Middlesex University has begun producing hundreds of essential gowns and scrubs to protect NHS staff working on the frontline during the COVID-19 crisis.
MDX Arts & Creative Industries (ACI) faculty staff including a team of homeworkers and even the local fire brigade have been involved in the community effort to produce the vital equipment for health workers during a time of unprecedented crisis.
The gowns and scrubs will be sent to the NHS London Gold Command which has also benefited from more than 60,000 visors assembled on-site at the university’s main campus in Hendon, north-west London.
“Health workers in the NHS are working so hard to look after everybody in this pandemic. Middlesex University has expertise and facilities and tons of goodwill, so we were all keen to put our capabilities to good use and do everything we can to help." Carole-Anne Upton, the Executive Dean of Arts and Creative Industries.
Resourceful staff have used alternative raw material for the gowns because the standard material is not readily available in the UK and cannot be sourced due to an export ban in the country where it is made.
The material for the gowns and scrubs is being cut into a design and overlocked in the Grove building on campus by ACI academic and technical staff before being dispatched via Hendon Fire Brigade to a team of home workers who have been sewing the fabric together. The gowns are waterproof and can be washed and re-worn hundreds of times.
The finished PPE products are then collected and transported to the NHS London Gold Command in Enfield and on to hospitals through the existing transport arrangements set up for the visors.
Explaining why the ACI staff launched the production, Mr Sosnowski said: “We have colleagues who are desperate to help and want to make a difference and assist the NHS in this time of need."
It is hoped around 160 gowns and 160 sets of scrubs will be produced each week as the production gets in full swing.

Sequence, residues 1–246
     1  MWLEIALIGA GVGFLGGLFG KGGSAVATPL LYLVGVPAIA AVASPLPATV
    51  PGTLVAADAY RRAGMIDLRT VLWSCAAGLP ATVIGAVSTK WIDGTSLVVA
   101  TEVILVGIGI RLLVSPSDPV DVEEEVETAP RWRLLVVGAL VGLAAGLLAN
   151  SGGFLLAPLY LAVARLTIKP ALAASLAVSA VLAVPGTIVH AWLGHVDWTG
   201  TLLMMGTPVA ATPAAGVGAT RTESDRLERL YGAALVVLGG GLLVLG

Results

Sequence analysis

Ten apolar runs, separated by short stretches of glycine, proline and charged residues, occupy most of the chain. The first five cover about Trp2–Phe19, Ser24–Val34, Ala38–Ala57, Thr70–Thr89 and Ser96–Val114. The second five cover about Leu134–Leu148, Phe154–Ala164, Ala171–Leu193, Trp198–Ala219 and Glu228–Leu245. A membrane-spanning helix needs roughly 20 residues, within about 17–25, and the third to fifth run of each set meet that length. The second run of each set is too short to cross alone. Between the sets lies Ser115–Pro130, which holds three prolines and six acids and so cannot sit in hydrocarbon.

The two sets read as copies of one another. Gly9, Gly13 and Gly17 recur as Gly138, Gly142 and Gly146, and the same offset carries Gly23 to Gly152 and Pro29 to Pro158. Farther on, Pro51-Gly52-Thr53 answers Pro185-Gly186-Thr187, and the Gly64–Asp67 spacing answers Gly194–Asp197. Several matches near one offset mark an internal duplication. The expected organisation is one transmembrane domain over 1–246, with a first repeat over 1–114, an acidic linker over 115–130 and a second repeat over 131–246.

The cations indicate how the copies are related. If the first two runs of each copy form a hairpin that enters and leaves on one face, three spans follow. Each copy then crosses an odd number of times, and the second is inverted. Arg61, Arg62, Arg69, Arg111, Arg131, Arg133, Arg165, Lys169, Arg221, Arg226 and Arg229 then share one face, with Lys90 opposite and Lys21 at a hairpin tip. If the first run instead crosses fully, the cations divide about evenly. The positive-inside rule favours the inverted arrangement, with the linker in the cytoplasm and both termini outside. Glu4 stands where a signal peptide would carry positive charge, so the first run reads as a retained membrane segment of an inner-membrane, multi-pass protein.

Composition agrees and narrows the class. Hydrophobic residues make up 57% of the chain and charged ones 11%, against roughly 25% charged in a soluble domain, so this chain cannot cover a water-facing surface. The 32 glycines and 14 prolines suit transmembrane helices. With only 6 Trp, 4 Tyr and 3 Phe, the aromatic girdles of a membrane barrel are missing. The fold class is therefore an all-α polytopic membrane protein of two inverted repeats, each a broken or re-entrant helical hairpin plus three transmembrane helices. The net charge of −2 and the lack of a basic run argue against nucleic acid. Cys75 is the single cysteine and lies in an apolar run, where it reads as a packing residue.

As a personal touch ACI staff have been including ‘made with love by Middlesex University’ on the tags of the gowns and scrubs.
Carole-Anne Upton continued to say that is has been 'a challenging process because alternative materials had to be sourced, along with creating suitable prototypes after rigorous testing to ensure safety standards are met.'
To ensure the safety of staff, strict protocols where put in place for social distancing and infection control measures.
“What has been so pleasing to see is how our staff have worked together to come up with a solution to every problem.
"We’ve found that focusing on these challenges, in the knowledge that we are doing something positive, has also helped colleagues to cope with the lockdown.
“This is Middlesex University at its best: being innovative, resourceful, and working closely with the wider community.
“We are extremely thankful to all the staff who have volunteered to help and to the Hendon Fire Service who have made this PPE production work possible.”
Two prototypes for the gowns, which use a PU-coated polyester and PU-coated nylon, were approved by the NHS.
The fabric for the scrubs and gowns has been sourced from Carrington Textiles and Talon Textiles Limited respectively.
The NHS London Gold Command began receiving its first delivery of gowns and scrubs on Friday May 1.
More than 300 sets of scrubs have been completed and 1,000 metres of fabric has now arrived to be processed.
During a video call with the MDX staff involved in producing PPE, Councillor Caroline Stock, the Mayor of Barnet, said: “The borough is extremely proud of the work that is happening at Middlesex University and we are also very grateful.
MDX staff from the Faculty of Science & Technology and the Faculty of Arts and Creative Industries have now laser-cut more than 60,000 protective visors for NHS staff tackling coronavirus.
The visors use the simplest technology – a headstrap and a plastic shield covering the eyes and face - so they can be made quickly when medical masks are in such short supply globally.
The University’s main campus and facilities remain closed because of ongoing COVID-19 restrictions. The PPE production is taking place in line with strict government guidelines to ensure safe working and infection control.